Killing the children in Newtown (CT) seems acceptable to many people in the United States—especially conservative members of Congress—and the deaths of nine people in a Charleston (SC) church inflamed a debate about the Confederate flag which the right-wing supports. The question is whether people will be upset enough about the death of four Marines to allow the “politicization” of change in gun laws.
The editorial board of the conservative USA Today stated, “The guilty verdicts in the James Holmes murder trial and a Tennessee shooting re-enforce the need to tighten gun laws in order to keep deadly weapons out of the hands of those who pose a danger to society.” It pointed out that the number of mass shootings is almost tripling, and laws need to do something about this increase. Without any congressional action, President Obama could tighten gun sense protection through executive orders:
Help prosecutors go after black-market gun sellers: Although it is a federal crime to “engage in the business” of selling firearms without a license, the definition is too fuzzy to shut down most unlicensed dealers who flood the black market with guns that go to criminals. Only 18 states, recently including Oregon, require private sellers to run background checks on handgun sales.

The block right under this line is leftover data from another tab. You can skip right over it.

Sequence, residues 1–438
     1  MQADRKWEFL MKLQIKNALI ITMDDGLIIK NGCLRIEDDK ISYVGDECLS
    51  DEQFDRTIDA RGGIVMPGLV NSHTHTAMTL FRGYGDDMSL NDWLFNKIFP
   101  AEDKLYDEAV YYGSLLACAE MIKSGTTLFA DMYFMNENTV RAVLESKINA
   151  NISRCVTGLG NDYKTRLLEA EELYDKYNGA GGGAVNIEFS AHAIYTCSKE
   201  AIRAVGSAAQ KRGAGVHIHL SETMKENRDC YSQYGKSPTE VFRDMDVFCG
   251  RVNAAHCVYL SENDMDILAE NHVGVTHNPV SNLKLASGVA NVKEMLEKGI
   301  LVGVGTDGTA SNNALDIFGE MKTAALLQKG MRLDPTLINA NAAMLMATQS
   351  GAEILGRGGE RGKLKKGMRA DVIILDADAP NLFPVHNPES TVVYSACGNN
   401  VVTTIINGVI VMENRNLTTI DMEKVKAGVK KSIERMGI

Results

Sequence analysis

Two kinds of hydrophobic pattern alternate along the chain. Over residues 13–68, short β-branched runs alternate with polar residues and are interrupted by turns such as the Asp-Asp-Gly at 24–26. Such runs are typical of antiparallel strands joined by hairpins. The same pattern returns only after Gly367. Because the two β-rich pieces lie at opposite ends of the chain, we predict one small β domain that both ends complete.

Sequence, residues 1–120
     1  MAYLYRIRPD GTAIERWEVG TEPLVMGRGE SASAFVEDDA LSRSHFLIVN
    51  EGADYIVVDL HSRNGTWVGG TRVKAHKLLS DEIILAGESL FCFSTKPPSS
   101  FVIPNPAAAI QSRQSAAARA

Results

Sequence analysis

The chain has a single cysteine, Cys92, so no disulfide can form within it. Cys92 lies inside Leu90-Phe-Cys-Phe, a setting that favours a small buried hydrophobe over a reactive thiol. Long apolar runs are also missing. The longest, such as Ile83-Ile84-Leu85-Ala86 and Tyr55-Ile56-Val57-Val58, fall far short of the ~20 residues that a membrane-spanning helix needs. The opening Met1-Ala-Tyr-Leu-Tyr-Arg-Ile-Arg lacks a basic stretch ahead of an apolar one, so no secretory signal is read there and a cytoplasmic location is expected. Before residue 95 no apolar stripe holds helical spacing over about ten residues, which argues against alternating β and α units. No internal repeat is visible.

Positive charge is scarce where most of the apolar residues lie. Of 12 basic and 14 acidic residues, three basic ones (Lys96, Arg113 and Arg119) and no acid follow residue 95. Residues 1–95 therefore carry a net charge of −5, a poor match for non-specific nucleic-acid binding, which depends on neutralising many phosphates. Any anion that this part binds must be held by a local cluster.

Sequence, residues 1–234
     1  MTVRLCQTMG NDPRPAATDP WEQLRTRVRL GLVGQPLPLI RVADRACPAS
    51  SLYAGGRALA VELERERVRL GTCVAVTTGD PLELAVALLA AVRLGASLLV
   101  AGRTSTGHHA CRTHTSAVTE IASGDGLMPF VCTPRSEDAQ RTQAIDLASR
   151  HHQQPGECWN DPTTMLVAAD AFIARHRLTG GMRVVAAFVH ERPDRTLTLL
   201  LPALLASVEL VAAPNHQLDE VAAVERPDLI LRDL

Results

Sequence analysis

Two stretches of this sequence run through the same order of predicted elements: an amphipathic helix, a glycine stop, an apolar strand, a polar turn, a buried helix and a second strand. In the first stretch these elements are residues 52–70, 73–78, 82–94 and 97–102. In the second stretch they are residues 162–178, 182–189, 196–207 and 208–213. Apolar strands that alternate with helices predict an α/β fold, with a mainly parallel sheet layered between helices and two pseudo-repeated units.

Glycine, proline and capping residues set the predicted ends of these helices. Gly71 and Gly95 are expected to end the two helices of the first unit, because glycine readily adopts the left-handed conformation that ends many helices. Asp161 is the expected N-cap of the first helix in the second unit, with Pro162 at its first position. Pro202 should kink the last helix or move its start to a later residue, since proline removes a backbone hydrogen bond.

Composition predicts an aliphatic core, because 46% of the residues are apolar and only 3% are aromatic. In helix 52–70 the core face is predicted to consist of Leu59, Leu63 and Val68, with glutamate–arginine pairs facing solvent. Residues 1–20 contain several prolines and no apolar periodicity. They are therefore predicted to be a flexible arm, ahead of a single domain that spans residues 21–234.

Require the FBI to inform local law enforcement when someone fails a background check: Telling local law enforcement about people trying to buy guns who aren’t allowed to do so could raise red flags about potential crimes. For example, a man trying to buy a gun after a woman takes out a restraining order against him is committing a crime. Passing along that information could save the woman’s life.
Penalize states that fail to report to NICS in a timely manner: Many states are “irresponsibly slow” in reporting people barred from buying guns to the National Instant Criminal Background Check System (NICS). Withholding grant funds to states failing to report in a timely fashion could encourage a faster response.
Differentiate between private gun sales and licensed dealer sales: The FBI does not ask whether a sale is private or through a licensed dealer when a seller calls NICS for a background check. Better information would determine the success of stopping sales to people not allowed to buy guns from private individuals.